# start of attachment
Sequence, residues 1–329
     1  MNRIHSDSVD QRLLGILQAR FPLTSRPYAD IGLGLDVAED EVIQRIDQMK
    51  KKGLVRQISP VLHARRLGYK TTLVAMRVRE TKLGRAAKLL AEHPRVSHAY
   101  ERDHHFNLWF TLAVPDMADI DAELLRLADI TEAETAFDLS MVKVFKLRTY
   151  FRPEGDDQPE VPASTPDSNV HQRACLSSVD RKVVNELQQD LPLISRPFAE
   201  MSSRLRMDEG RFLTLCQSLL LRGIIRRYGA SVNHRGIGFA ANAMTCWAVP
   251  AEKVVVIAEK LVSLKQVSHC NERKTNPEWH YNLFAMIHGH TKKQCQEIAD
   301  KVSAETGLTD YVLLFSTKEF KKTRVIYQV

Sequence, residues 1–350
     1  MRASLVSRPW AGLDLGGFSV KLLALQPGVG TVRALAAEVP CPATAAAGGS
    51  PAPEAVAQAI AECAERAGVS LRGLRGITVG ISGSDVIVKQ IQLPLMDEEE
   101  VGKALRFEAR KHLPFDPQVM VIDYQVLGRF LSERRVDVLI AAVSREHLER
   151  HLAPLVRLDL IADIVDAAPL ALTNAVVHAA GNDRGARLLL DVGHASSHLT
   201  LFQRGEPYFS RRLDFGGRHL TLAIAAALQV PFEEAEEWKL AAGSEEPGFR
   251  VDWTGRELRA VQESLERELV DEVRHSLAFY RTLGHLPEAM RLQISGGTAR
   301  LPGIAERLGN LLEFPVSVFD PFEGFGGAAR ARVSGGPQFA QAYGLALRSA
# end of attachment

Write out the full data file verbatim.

Sequence, residues 1–329
     1  MNRIHSDSVD QRLLGILQAR FPLTSRPYAD IGLGLDVAED EVIQRIDQMK
    51  KKGLVRQISP VLHARRLGYK TTLVAMRVRE TKLGRAAKLL AEHPRVSHAY
   101  ERDHHFNLWF TLAVPDMADI DAELLRLADI TEAETAFDLS MVKVFKLRTY
   151  FRPEGDDQPE VPASTPDSNV HQRACLSSVD RKVVNELQQD LPLISRPFAE
   201  MSSRLRMDEG RFLTLCQSLL LRGIIRRYGA SVNHRGIGFA ANAMTCWAVP
   251  AEKVVVIAEK LVSLKQVSHC NERKTNPEWH YNLFAMIHGH TKKQCQEIAD
   301  KVSAETGLTD YVLLFSTKEF KKTRVIYQV

Sequence, residues 1–350
     1  MRASLVSRPW AGLDLGGFSV KLLALQPGVG TVRALAAEVP CPATAAAGGS
    51  PAPEAVAQAI AECAERAGVS LRGLRGITVG ISGSDVIVKQ IQLPLMDEEE
   101  VGKALRFEAR KHLPFDPQVM VIDYQVLGRF LSERRVDVLI AAVSREHLER
   151  HLAPLVRLDL IADIVDAAPL ALTNAVVHAA GNDRGARLLL DVGHASSHLT
   201  LFQRGEPYFS RRLDFGGRHL TLAIAAALQV PFEEAEEWKL AAGSEEPGFR
   251  VDWTGRELRA VQESLERELV DEVRHSLAFY RTLGHLPEAM RLQISGGTAR
   301  LPGIAERLGN LLEFPVSVFD PFEGFGGAAR ARVSGGPQFA QAYGLALRSA